I had brought most of mine and Samantha’s down payment for a lucky flop house playing casino poker in the south, so when I saw they were playing Hold’em I took that like my good luck. It had been a while since I played, but I had practiced bluffing baby boomers from their boarding houses during Stu Bringham’s neighborhood poker night.

This table full of bald men looked on par with the guys in the neighborhood. They had crow’s feet and wore chunky New Balance sneakers. I haven’t seen any of the mischievous charms of Robert De Nero or Joe Pesci. Up close, they were more Grumpy Old Men than Goodfellas. I told them I would play a hand. I thought so, despite the familiar drop of excitement in my stomach.


I won three hands in a row. I got the cards and when I didn’t have a pair of kings I took a break on the river. I was playing the game of my life, but I was also moping up everything I could from these guys: names they talked about (mostly nicknames.) Places they went (Mickey talked a lot about a house “in the world.” north ”). on me, but nothing more than where I grew up and who my father was.

I matched the bravado and bullet breakage, getting jabs where I could. I was living my dream of working undercover. I felt a rush that the chart table couldn’t hold a candle. I felt like I had the power to end any of these guys while I took their money hand in hand. I wanted to laugh in my face.

Lance appeared from the men’s restroom, looking a little less like heated death. I wanted this to be my big date, go off with a flurry of money and rub Lance’s face that at least one of us had what it took to keep our shit together in front of the town criminal element. . But when I tried to let the guys around the game table spat vowels and insult me. Lance asked if I was ready to go and the palm tree guy told him where to go and how fast to get there.

They wanted to try to get some of their money back. I told Lance to get in the car and get us a 2-4, that I wanted to celebrate my big win that night. I was arrogant, and why not? I was on a hot streak. If this table full of geezers wanted to come home empty-handed with their bruised egos, leave them. So I tried my luck. I should have seen the scam a mile away.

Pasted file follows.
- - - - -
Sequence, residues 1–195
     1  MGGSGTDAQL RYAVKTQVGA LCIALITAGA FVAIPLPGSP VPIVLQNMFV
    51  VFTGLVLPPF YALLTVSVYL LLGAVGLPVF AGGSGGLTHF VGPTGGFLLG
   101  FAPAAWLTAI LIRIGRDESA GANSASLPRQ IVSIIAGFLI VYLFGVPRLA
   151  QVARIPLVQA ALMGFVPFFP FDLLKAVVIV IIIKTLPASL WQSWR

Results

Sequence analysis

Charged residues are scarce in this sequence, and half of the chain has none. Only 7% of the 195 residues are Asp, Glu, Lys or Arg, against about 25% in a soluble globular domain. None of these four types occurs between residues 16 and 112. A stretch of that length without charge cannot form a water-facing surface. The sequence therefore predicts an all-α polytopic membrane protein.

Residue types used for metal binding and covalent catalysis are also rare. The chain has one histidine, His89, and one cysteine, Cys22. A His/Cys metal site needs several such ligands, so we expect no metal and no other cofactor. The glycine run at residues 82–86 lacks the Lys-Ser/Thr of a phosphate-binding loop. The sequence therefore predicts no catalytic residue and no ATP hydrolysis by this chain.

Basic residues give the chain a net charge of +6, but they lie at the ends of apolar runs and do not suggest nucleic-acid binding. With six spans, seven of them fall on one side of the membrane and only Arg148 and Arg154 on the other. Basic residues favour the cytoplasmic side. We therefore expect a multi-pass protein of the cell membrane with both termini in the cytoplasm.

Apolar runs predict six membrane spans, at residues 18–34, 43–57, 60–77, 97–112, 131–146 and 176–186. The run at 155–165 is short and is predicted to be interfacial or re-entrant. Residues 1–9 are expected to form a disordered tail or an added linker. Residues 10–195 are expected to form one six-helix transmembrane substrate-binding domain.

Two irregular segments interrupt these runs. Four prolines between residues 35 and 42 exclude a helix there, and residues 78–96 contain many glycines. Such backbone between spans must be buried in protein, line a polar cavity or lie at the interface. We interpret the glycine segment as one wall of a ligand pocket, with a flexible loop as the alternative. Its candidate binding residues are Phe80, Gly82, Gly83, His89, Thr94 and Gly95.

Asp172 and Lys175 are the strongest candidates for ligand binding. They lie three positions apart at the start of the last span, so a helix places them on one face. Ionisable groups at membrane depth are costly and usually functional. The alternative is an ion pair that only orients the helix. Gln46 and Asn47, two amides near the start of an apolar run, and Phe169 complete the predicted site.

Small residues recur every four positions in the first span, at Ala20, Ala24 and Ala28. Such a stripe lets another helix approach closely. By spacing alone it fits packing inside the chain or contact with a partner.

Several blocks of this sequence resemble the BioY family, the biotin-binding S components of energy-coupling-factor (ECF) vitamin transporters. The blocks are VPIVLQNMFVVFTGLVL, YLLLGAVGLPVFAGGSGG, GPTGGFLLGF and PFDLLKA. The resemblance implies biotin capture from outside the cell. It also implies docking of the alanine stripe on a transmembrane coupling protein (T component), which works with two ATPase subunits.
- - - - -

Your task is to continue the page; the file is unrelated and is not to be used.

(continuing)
At the time, I blamed Lance. I thought her leaving the bathroom had ruined my luck. I lost one hand, then two more. I walked out blown away by a guy in bifocals for goodness sake! I got angry and bet big, come to think of it, that’s when my luck turned. When my puny leather wallet had emptied all my puny little paychecks, Mickey put his arm around my shoulders and told me he liked me, that I had balls. He said I could pay it back, and then he explained how the interest worked. I had a credit card, I knew how this hook worked. I told him I didn’t get paid for two weeks. He told me it didn’t matter with the same smirk he had worn since I started losing.

When I left the second round, I was in him for a thousand dollars, with interest starting as soon as my Nikes hit the parking lot. When Lance pulled up in my used Buick with 2pac blasting he told me he bought some top quality pilsner because I felt like I was winning. When he told me what I owed for my half of the beer, it was my turn to blanch.

Wednesday, Mickey called my house. He didn’t answer me when I asked him how he found my number. He answered my question with one of his own, his voice devoid of the jovial camaraderie reserved at the gaming table. He asked me where his money was. I told him I didn’t have it. He asked me if he should go to Lyla’s public school for the money. When he said my daughter’s name, terror crept into my stomach as if I had been shot. His message was loud and clear: Mickey could reach my family whenever he wanted. So Mickey Deluca made me make a choice, either he makes a few calls and a car full of guys comes to pick up, or I do something for him.

“And you can forget to call your pocket pool boyfriend over there. No need to involve cops, even those in training pants.” I didn’t bother to ask him how he knew, the important thing was that he knew it. He gave me an address. He said there was a pay phone there that I should call him from this Saturday night, that is if I didn’t want something to happen to Lyla or Samantha .

To be continued. . .